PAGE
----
Banking scandals may be continually at the top of today’s headlines however similar controversial issues were also to be found amongst the business dealings of the Cornish Mining industry of the 1800s. And in a first of its kind commission for a UK World Heritage Site, the Cornish Mining World Heritage Site (CMWHS) has funded a joint production between Miracle Theatre and English Touring Opera. The production, entitled ‘Tin’ revives the history of a banking disgrace from the 19th Century, as told by the son of the financial ‘villain’, with a set of performances (in March 2012) and the creation of a film. Operatic legend Ben Luxton, who has Cornish mining ancestry, will be joining the acting cast. This innovative collaboration has also just been awarded the “Inspire” mark by LOCOG and is thereby an official element of the Cultural Olympiad.
Tin: a novel was published in 1888 by a writer Richard Edward Boyns writing under the pseudonym of Edward Bosanketh. The publishing of Tin caused a considerable stir locally as a number of allegations were made in it which cast the local banking industry particularly in a poor light. The Bolitho family, owners of Bolitho Sons & Co. [Mounts Bay Bank] (1807-1889), which was absorbed by Barclays Bank group in 1905, were incensed by the various allegations made within the work. So strongly was this felt that the Bolithos took the trouble to purchase and burn as many copies of the book as could be found. The Miracle Theatre production of ‘Tin’ brought this story to light once again, using one of the rare copies of the book, and re-ignited the debate around the local bank, whilst educating audiences about the charged emotion behind the true stories of Cornish mining in the 1800s.
Richard Edward (b.1857), the author of ‘Tin’ was a solicitor based in west Cornwall who dealt with the business affairs of his father Richard, or ‘Banker’, Boyns, (b.1831) who was a well respected grocer, farmer, bank manager, and purser to a number of local mines, including Wheal Owles and St Just United. Banker Boyns’ dealings with the mines during the latter 1800s evidently achieved him some personal success as in 1880 he was presented with the Botallack [Mine] Epergne (a silver table centrepiece) at a cost of some £250, then a considerable sum, paid for by public subscription. An extract from the weekly London Mining Journal said, ‘A well merited honour has been conferred upon Mr R Boyns of The Bank, St. Just by the presentation of a handsome and valuable epergne in recognition of his untiring and indeed Herculean efforts while [the mining] depression was at its worst.’
Behind the scenes, however, matters could not have been all they seemed as three years later Banker Boyns disappeared from the locality, leaving all his affairs to be dealt with through bankruptcy proceedings. Having done something of a ‘Reggie Perrin’, Banker Boyns was later known to have moved to North America where he achieved something of a following as a Minister for the Episcopalian Church. At some point his children were dispatched on a voyage to the USA to join him.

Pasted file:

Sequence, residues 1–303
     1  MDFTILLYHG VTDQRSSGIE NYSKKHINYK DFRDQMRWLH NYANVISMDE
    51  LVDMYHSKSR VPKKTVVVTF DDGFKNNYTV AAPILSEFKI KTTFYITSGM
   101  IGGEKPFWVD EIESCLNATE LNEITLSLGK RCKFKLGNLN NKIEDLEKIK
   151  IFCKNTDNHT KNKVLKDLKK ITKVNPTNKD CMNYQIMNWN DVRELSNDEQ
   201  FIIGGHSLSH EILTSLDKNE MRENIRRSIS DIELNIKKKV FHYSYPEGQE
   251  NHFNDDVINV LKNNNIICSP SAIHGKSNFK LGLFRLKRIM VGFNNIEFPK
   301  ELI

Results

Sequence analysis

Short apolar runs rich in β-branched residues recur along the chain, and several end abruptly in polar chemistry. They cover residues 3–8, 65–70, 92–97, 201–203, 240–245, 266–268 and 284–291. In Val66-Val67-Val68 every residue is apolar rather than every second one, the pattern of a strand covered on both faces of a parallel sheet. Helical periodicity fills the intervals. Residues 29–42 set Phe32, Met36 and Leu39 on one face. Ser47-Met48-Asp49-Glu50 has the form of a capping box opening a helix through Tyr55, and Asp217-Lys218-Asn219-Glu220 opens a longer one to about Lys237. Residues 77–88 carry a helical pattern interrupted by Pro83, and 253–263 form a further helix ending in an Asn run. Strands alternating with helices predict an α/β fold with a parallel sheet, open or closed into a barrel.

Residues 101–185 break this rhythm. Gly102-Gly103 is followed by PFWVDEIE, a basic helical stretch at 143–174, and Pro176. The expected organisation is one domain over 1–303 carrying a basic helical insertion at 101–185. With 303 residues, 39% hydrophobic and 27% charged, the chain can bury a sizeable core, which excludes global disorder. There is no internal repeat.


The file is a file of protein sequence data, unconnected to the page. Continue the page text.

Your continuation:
While outwardly a work of fiction, Tin was to many clearly based on the business practices of the local mining and banking industries at the time of Banker Boyns’ disappearance. The principal character in Tin was a Charles East who ‘disappeared’ in a similar manner to Banker Boyns. Richard Edward Boyns subsequently made a number of trips to North America over the years to visit his siblings, and was later to publish a sequel to Tin, and other novels, in the USA.
Miracle Theatre’s Director, Bill Scott, reworked the story and used it as the basis for his own telling of the story, which introduces a touring opera company. Cornish Mining World Heritage Site Co-ordinator, Deborah Boden, says, “The way to bring World Heritage Sites to life is to tell the stories of the people who created these globally important places. Otherwise they are just a pile of stones. Projects like Tin explain aspects of the mining industry from the perspective of the communities that were working in and around it in the 19th Century.”
Deborah continues, “Tin is a creative exploration of a nineteenth century mining community’s way of life: what they were thinking, what they were feeling: their loves and hates, trials and tribulations. If you engage an audience’s emotions through a story, they will remember that story forever. “Tin” will enable people today to identify with our ancestors and brings their experience much closer.”..
For ‘Tin’ the movie, the original cast of the theatre production, which included opera icon Ben Luxon, are joined by Jenny Agutter (The Railway Children, Call the Midwife) and Dudley Sutton (Lovejoy, Weekend Retreat).
Some Tin facts and figures:
• 36 theatre performances
• Estimated theatre audiences of around 8,000
• 100 local participants, including at least 50 young people
• One film produced
• Participation from 10 schools in Cornwall and Devon
• One historic novel brought to life – Edward Bosanketh’s Tin
• Two new Cornish songs written by Russell Pascoe – including a new Christmas Carol
• Ben Luxon, internationally renowned opera singer from Redruth, will perform in Tin
• 4 professional opera singers, cast with ETO, will perform with Miracle Theatre
• Around 100 singing and performance workshops delivered
• A Taste of Tin sessions at community venues and theatres in November & December 2011 – opportunity for people to engage with the project and gain insight into the production process.